Five years on from the release of their debut LP, Nothing Good Gets Away, Dublin indie rock quartet Bouts resurfaced back in May with the triumphant ‘Face Up’. The lead single from the band’s forthcoming second full-length, Flow, it proved an earworming masterstroke from the re-emerging four-piece.
Having formed back in 2011 and shared stages with Cloud Nothings, Yuck and Johnny Marr among others, the band – who are currently scattered across London, Amsterdam and Dublin – are more potent and unapologetically unabashed than ever.
New single ‘Love’s Lost Landings (Pt. 1)’ is a perfect case in point. Accompanied with visuals from French photographer Gwenaëlle Trannoy, it’s an equal parts slick and starry-eyed burst of first-rate indie rock centering around frontman Barry Bracken’s insistent refrain: “Be good to yourself / Be good to me”.
Ahead of a busy few months, and the release of Flow, we catch up with the band to discuss early beginnings, the pros of being based in different cities, the current health of indie rock and more.
DiS: Hi guys. Take us way back: when did Bouts first become a living, breathing, indie rock-ing entity?
Barry Bracken: Daniel (Flynn – Drums) and I were together more than a year doing a kind of White Stripes two-guys-in-a room thing. Guitars and drums and literally no daylight. Then in mid-to-late 2011, we started to bring in some people to see if what we were doing could be expanded. And so began Bouts as it exists today.
Niall Jackson: In fact, within ten days of joining back in September 2011, I had written four basslines and was in a studio recording our debut EP, which was released in 2011.
You release your second album, Flow, in January. How did you approach this differently to your debut, Nothing Good Gets Away?
NJ: We approached it completely differently. The first album was written and recorded in painstaking detail over the course of 18 months in a makeshift studio/rehearsal space under a railway arch on the Northside of Dublin. Songs were written, deconstructed, and built back up with most vocal melody a very late addition.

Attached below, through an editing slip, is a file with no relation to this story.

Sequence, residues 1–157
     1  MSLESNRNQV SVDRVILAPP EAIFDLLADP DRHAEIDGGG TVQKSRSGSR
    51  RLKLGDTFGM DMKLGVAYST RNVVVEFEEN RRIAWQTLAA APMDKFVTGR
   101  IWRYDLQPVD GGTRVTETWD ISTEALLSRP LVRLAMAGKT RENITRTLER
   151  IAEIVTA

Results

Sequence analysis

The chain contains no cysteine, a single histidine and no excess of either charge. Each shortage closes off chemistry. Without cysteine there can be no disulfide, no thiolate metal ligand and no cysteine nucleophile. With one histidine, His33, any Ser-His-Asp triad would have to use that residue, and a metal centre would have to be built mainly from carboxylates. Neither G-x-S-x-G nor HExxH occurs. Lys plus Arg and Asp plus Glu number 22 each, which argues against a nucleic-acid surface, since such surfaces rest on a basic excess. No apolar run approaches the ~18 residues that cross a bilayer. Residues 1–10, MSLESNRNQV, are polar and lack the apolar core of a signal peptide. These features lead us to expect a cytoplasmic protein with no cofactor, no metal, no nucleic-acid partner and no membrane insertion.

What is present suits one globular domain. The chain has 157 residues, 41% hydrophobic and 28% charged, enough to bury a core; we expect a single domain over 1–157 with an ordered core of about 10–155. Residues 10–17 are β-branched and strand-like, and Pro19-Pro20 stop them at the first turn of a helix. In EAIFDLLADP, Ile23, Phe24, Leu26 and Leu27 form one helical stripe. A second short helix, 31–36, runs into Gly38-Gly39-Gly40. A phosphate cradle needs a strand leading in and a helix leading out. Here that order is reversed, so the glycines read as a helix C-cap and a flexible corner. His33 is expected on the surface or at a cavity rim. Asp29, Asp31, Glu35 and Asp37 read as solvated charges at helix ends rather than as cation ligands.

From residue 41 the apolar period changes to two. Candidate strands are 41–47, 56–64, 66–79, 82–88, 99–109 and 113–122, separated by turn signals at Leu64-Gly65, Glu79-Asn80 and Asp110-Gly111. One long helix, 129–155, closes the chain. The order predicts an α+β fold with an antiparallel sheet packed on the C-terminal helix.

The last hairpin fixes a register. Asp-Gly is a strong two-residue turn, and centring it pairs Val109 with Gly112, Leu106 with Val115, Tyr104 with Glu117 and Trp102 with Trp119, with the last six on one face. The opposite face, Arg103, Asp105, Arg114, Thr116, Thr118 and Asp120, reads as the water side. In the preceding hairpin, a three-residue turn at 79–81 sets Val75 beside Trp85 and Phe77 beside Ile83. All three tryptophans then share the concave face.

BB: There was definitely a sense of over-writing on the first album which, in hindsight, is quite evident. In the 5 years since, the way we approach song-writing has changed. With Flow we did it in intense bursts from November 2016. London first, then a cottage in Connemara, a youth centre in Dublin, and finally back to our first ever rehearsal space in Dublin where Daniel and I spent a lot of time!
NJ: In between a WhatsApp group was where we fleshed out ideas and grievances, so these weekends were almost entirely positive, and have really made us better friends as well as musicians. Everything feels like it was written together. Very few disagreements and lots of “be the solution” attitude towards putting our best feet forward. 18 tracks became the 9 on our record in a really natural and pleasant way.
You’re a Dublin band but you’re all based around Europe. This will obviously have some setbacks, but what are the positives to it, if any?
NJ: The positives are two-fold. Firstly, when we meet up it's really a matter of digging in, less distractions and more practice. Secondly, we are all taking in different scenes in different cities and bringing them back to each other in a very old-fashioned way. Using the influences of our respective environments for the greater good.
BB: It also gives us a sense of perspective. We enjoy being together. We enjoy being creative. We don’t get too lost in ourselves like we used to and we’re really very focused now when in the room. Rehearsing for lives shows and actually playing live is harder but that’s part of the fun…
‘Face Up’ was a killer first single. Do you think it helps sum up the overarching feeling or sentiment of the album?
BB: That song sort of grounded and catapulted us in this process. It became the fulcrum around which the other songs were built and pointed the way forward in terms of style.
NJ: Definitely, it is very much more outward looking and positive than our previous work. Barry's lyrics are slightly less wrapped up in metaphor and at some points pure heart-on-sleeve, which matches the 90s style emo music (before it was a bad word) we make so much better. The album is called Flow for a myriad of reasons, not least because it all just looks in the same direction this time.
Your music is ridiculously earworming. Tell us about the songwriting process that went into the making of this album.